Studying deep brain nuclei in patients with psychosis and healthy subjects using quantitative susceptibility mapping (QSM)
Approved Research ID: 78439
Approval date: April 25th 2022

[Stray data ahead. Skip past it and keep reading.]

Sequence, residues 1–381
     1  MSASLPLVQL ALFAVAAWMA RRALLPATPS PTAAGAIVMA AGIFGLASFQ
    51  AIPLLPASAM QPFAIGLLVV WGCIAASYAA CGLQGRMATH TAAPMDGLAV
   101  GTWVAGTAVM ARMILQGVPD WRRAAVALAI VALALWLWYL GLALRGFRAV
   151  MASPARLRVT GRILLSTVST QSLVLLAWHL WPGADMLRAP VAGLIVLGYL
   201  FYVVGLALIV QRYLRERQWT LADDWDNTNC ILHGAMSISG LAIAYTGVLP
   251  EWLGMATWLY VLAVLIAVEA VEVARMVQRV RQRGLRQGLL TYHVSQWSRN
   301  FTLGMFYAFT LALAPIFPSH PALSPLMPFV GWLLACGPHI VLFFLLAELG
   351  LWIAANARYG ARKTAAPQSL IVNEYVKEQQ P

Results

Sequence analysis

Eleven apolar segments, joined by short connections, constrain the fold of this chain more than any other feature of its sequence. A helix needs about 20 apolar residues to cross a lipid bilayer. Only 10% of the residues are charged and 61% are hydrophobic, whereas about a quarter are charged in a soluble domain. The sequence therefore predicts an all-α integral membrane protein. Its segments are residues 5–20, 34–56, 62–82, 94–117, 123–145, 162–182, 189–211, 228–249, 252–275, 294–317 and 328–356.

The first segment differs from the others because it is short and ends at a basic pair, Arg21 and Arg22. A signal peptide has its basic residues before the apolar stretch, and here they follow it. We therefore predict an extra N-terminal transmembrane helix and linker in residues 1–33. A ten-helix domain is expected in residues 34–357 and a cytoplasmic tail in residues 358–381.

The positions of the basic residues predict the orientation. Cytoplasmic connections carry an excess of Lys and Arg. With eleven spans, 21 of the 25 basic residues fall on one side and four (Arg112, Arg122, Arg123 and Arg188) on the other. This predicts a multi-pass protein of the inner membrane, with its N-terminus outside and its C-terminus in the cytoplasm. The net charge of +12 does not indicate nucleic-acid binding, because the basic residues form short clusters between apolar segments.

Psychotic disorders such as schizophrenia are severe mental health problems that cause significant disability. The brain mechanisms involved in these disorders are thought to involve relatively small regions of the brain which provide the rest of the neurons with messages that orchestrate their functioning. At the moment, studying these regions and the substances used as messages (neurotransmitters) requires expensive tests which involve radiation, which has limited its development as a useful tool in the clinic. We here want to explore alternative ways of examining these regions and their chemical composition through a cheaper and more widely available test such as Magnetic Resonance Imaging (MRI), that does not include radiation. Specifically, we would use an MRI-based signal called Quantitative Susceptibility Mapping (QSM), which is sensitive to changes in iron concentration in the brain, which in turn is used by some of the neurons in regions of our interest. We will investigate whether there are differences in the QSM signal in deep brain regions between subjects with a known history of psychosis and healthy subjects; whether there are differences in healthy subjects who report experiencing occasionally symptoms which appear as a light version of psychosis; and whether the QSM signal is related to the genetic burden for schizophrenia that healthy subjects have. We are expecting to spend 18 months on this study.